Friday, December 08, 2006

Lost in Oregon

Pretty moved by
the story of James Kim who died trying to rescue his family in back country Oregon.

He set out courageously to find help after a week stranded with his family in freezing temps and dwindling supplies.

But from the standpoint of folks with more experience in the wilderness, he didn’t have a strong chance to survive when he left his family to go it alone.

I’ve spent a lot of time in the back country and had some personal experience with hypothermia.

One time after coming down off Longs Peak here in Colorado I was so disoriented from mid-stage hypothermia that I couldn’t find my Jeep in the trailhead parking lot.

When your core temperature drops too low you lose it.

I stumbled around for a while and then finally ended up in a ranger’s cabin complaining that my car had been towed :^) The rangers covered me with blankets and gave me tea and coffee with big sugar until I warmed up and got enough glucose to get a grip. Turned out my Jeep was sitting in the middle of the parking lot.

Kim was wearing cotton clothing which absorbs moisture and gives no protection against the cold when wet. Instead of staying on the road he tried to bushwhack through extreme terrain. Doesn’t look like he attempted to build shelter for himself. Bad situation and poor choices. I'd guess halfway through his trek he was losing touch.

Yet in spite of a lack of wilderness survival training he made it ten miles through remote terrain before he succumbed. Remarkable. Love for your family can give you strength you didn't know you had.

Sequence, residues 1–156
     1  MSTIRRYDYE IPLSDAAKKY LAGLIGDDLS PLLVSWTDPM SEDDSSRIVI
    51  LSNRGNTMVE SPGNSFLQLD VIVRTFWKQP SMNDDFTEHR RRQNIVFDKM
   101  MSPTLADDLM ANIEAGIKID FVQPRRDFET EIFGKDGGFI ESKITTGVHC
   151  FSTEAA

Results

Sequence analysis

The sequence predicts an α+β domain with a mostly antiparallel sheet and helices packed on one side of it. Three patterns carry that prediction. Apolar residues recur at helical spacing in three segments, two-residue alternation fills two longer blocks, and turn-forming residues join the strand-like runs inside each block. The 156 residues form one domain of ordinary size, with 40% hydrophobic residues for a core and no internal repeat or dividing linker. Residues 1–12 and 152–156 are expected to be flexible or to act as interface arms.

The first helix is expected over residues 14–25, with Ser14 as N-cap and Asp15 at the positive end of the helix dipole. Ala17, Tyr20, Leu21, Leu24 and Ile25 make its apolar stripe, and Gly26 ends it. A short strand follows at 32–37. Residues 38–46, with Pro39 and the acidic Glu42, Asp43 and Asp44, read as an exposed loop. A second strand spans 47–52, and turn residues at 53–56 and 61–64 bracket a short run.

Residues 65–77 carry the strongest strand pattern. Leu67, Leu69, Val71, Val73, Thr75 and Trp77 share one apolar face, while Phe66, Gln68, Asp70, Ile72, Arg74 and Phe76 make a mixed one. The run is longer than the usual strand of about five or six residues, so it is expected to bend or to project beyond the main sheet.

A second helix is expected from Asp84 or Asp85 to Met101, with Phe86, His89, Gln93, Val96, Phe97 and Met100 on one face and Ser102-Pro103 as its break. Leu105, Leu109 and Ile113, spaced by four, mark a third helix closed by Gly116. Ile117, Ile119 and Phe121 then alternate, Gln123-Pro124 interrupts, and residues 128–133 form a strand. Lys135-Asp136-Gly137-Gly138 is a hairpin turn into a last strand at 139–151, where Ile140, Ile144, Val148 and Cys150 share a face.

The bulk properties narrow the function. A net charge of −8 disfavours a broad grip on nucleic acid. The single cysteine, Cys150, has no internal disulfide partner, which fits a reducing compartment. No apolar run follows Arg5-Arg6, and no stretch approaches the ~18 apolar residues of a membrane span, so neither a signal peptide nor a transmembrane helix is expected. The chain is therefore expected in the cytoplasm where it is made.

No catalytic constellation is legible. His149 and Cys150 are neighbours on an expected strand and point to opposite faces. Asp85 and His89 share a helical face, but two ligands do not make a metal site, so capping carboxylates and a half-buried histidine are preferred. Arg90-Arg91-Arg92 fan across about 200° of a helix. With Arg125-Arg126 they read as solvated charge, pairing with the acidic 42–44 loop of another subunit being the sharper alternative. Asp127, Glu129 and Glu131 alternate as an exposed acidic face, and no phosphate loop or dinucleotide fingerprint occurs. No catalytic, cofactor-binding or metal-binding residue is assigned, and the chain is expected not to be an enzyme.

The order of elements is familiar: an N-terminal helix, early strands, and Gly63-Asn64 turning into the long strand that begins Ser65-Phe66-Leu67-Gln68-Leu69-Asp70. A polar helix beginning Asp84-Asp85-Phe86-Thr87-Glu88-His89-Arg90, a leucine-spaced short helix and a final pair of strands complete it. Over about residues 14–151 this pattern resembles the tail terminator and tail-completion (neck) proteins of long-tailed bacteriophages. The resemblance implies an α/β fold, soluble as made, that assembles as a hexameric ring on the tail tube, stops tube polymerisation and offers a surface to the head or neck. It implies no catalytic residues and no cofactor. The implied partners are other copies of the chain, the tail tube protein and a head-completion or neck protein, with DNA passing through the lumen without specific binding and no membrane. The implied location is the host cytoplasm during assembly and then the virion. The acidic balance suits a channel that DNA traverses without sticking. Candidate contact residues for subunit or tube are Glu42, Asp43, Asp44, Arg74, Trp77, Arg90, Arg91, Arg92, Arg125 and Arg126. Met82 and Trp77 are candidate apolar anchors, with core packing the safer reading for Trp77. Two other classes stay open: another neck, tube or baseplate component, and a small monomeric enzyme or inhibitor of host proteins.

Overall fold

Unfortunately, in the wilderness love isn't enough. Every time I head out into the back country alone I remind myself of the old climbers adage: the mountains don't care.


Blogger Samer Farhat said...

I get sick with sadness every time I read a news story about James Kim. I don't know what I would do in that situation.

5:55 PM  
Blogger Wordcat said...

Yeah, I know exactly what you're saying Samer. The whole thing made me sadder than anything I've seen for a while. It's one thing to attempt to make smart decisions and survive on your own, but it's another thing when your kids and wife are suffering. The stress of all that, terrible weather conditions, and no survival experience--really an impossible situation for him.

6:02 PM  
Blogger 3wishes said...

Newest addition to the car: Ziploc baggie with large candle, matches and a lighter. I hear its in every Canadians glove box. I dont know if it would last for 10 days, hope I dont get to find out. I hope to find info on a Christmas fund for those kids. Peace.

12:08 PM  

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